In the 2012 MetLife Survey of the American Teacher, it was revealed, according to the New York Times, that
about 40 percent of the teachers and parents surveyed said they were pessimistic that levels of student achievement would increase in the coming years, despite the focus on test scores as a primary measure of quality of a teacher’s work. – New York Times, March 7, 2012
If, as the writers of Mission Possible state, the inability to achieve one’s job at the highest level is one of the greatest sources of low teacher morale, than how do we give teachers the tools they need to help students improve? Why do we, as Americans, treat teaching so much differently than other professions? I believe it’s because many of us don’t understand how difficult it is to prepare each individual lesson, let alone attempt to convey that lesson to children of varying skill sets and learning styles. I know that before I started homeschooling my kids I had no idea how much prep time went into each subject. We think of doctors as miracle workers, but what we don’t grasp is that in many ways, so is a good teacher – one who can capture the attention of a classroom full of squirmy six-year-olds and motivate them to accomplish more than they thought possible.
Eva Moskowitz and Arin Lavinia, the founders of the Success Academy, a chain of charters schools in New York State, operate their schools on the philosophy that it’s not about the kids,it’s all about the adults.
Achieving excellence isn’t about the students. It’s about the grown-ups. When grown-ups are running on all cylinders, they bring the kids along for the swift, exhilarating ride. – Mission Possible, page 37
The teachers at Success Academy are given two to three periods a day to prepare and practice lessons, including working with other teachers and the school’s leadership team. They videotape lessons and debrief with their peers. Principals spend a great deal of their day circulating in classrooms and offering suggestions to teachers on ways they can improve. Teachers are treated as the valuable resources that they are, and follow the idea that we are never done learning.
We believe it’s hypocritical to expect the children to learn and grow by leaps and bounds while not expecting the adults to grow and expand their repertoire just as much and just as fast. – Mission Impossible, page 32
Success Academy believes that parental participation is also very important to a scholar’s success (students are called scholars). Parents are expected to read at home with their child, monitor homework, and stay in close contact with the classroom teacher and the school. Teachers give out business cards with their cell phone number and also have the phone numbers for the parents of all their students. Parents are also expected to make sure their child attends any extra schooling they may require in order to succeed, including an extra hour after school and even Saturday school if necessary.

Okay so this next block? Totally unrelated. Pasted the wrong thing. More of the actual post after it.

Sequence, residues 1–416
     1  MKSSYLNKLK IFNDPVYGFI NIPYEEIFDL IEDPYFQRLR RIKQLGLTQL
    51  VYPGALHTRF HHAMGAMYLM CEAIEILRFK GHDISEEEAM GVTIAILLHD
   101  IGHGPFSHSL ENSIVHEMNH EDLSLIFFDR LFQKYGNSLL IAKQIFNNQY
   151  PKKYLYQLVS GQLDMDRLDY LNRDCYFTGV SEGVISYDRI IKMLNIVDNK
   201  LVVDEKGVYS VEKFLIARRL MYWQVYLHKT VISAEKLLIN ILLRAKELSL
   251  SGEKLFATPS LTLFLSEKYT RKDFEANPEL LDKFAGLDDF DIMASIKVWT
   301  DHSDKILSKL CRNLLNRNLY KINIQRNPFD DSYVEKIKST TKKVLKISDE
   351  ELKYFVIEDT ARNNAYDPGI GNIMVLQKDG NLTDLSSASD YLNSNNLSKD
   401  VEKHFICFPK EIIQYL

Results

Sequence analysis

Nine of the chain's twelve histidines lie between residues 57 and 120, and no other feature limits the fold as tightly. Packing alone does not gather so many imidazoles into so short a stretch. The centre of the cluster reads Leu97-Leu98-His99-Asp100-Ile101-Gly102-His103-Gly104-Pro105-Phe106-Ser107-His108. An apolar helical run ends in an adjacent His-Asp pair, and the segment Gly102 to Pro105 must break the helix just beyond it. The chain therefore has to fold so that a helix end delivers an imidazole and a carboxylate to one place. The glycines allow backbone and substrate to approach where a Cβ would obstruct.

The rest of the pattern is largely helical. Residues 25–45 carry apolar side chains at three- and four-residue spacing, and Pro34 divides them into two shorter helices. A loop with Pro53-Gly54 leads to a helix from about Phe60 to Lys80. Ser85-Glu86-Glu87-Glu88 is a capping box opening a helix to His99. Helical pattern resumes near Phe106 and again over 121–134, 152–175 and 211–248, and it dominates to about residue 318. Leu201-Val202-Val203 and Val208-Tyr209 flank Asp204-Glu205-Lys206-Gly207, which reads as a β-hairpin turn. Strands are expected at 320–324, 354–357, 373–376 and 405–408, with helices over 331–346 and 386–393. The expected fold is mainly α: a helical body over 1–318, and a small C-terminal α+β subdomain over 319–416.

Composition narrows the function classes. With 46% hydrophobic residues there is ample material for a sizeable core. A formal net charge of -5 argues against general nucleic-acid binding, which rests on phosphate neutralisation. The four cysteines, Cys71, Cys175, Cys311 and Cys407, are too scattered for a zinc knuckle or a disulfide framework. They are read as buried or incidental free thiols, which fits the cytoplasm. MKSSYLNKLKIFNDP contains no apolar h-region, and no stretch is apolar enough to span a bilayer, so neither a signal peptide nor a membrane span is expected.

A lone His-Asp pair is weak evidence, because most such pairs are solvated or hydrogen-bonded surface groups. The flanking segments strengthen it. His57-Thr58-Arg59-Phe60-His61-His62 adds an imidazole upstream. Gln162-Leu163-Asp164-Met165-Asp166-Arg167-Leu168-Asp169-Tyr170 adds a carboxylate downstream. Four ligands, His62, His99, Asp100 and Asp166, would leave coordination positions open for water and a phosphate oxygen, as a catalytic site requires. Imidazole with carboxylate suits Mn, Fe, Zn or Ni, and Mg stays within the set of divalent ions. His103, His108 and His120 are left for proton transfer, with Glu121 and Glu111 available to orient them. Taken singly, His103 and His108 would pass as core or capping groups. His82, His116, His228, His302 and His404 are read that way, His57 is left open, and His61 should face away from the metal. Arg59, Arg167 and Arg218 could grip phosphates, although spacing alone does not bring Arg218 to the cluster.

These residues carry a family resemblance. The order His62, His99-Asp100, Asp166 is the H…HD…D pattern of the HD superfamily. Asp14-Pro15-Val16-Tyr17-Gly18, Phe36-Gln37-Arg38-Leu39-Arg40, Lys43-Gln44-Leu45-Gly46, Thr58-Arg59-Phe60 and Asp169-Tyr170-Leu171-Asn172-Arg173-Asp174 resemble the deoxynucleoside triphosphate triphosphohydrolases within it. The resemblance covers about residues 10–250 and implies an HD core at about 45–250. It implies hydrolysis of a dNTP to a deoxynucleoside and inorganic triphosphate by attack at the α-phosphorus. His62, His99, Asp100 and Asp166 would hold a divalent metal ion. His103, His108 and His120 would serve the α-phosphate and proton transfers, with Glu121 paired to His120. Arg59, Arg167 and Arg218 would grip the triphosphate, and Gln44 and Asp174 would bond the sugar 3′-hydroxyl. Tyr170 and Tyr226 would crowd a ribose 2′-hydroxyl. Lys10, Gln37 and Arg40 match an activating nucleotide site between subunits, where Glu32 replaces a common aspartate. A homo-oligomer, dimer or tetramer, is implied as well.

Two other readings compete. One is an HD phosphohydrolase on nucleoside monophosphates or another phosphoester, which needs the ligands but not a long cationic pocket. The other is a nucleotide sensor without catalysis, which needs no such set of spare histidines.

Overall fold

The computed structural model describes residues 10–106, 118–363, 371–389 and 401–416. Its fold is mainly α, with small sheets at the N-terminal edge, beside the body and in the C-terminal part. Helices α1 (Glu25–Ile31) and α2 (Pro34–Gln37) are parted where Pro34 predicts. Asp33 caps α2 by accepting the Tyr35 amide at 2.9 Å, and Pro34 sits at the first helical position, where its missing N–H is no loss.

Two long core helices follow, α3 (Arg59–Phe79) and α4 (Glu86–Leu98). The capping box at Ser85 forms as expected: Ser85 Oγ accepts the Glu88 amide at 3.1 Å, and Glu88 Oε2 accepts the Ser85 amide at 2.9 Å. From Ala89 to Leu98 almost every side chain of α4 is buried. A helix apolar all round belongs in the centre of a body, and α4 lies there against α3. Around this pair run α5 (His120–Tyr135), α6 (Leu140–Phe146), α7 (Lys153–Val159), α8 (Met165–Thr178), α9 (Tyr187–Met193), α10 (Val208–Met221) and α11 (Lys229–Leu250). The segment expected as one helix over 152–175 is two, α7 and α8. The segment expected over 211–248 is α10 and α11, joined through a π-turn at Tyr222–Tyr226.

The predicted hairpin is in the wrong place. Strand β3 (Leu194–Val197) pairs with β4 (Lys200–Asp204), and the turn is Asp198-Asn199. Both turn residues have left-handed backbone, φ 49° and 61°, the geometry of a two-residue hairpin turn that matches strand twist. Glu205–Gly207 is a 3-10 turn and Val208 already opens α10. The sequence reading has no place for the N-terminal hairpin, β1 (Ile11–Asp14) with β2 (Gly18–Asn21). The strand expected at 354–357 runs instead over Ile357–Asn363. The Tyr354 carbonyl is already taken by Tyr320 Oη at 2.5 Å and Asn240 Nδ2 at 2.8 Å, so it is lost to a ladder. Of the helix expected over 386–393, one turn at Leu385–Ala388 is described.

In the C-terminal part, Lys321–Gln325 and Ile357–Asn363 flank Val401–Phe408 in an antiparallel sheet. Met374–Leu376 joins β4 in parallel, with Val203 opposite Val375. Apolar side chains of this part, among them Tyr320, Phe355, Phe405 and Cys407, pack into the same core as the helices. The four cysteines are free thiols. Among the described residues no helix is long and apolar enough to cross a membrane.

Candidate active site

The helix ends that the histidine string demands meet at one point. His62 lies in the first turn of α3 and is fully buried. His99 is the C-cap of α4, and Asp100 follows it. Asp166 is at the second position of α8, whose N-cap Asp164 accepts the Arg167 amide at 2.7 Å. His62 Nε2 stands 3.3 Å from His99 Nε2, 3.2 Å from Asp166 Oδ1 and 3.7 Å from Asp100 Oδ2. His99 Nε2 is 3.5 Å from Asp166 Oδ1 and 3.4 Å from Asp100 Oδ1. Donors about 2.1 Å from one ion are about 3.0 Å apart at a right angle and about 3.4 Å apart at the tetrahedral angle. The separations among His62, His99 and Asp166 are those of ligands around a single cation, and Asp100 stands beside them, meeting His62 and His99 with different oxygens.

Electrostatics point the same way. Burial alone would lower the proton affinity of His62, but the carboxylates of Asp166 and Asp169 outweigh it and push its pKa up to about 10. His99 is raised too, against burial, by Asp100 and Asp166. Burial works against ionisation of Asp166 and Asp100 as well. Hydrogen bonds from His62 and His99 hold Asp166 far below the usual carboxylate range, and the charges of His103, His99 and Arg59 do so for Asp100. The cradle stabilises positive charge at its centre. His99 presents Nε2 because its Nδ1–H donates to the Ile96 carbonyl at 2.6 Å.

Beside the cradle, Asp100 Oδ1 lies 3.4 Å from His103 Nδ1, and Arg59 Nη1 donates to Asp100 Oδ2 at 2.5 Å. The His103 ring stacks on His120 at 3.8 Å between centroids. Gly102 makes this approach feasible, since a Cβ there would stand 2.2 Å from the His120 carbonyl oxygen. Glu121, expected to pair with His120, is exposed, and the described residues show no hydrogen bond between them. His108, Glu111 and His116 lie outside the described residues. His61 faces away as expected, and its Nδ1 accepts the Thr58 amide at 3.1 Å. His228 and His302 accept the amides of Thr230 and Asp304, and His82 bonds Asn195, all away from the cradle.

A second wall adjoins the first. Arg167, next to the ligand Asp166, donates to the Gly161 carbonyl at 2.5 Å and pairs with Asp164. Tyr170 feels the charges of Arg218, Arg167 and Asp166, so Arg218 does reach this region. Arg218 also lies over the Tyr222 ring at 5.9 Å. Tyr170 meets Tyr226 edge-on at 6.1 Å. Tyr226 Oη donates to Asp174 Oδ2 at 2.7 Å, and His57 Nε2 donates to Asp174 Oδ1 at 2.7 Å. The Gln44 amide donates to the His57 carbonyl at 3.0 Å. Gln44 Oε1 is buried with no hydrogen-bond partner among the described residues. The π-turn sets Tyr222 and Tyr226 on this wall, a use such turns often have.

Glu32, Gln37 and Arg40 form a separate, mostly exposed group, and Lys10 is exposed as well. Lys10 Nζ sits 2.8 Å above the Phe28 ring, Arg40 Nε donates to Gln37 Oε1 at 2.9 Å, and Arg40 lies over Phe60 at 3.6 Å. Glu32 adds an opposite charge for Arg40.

Rigor is another building block of Success Academy. But what is rigor? According to Teaching What Matters Most: Standards and Strategies for Raising Student Achievement by Richard W. Strong, Harvey F. Silver and Matthew J. Perini, ASCD, 2001
Rigor is the goal of helping students develop the capacity to understand content that is complex, ambiguous, provocative, and personally or emotionally challenging.
Success Academy applies rigor through their belief that school should be interesting and challenging. Scholars read carefully chosen books, often above their grade level – books that challenge both their reading comprehension and their critical thinking skills. Scholars spend up to an hour and a half in reading and the same in writing every single day. Teachers and leadership are constantly re-evaluating and raising the bar to test the limits of what their students are capable.
This book is unique in that it also contains a DVD with videotaped lessons from various classrooms throughout the Success Academy system.
I highly recommend this book as a starting point for discussion for anyone who is concerned about the state of education in our country.
You can find out more about the book by visiting http://readmissionpossible.com
The writers of Mission Possible have been gracious enough to offer a copy to one of my lucky readers!! Giveaway begins 12:01 PT 7/30/12 and ends 11:59 p.m. 8/13/12. Open to US residents age 18 and older.
To enter to win a copy of the book, please leave a comment below and let me know what you think the biggest problem is in American education and also if you have a suggestion on what we can do to help make it better.
This is a compensated post. All opinions are 100% my own.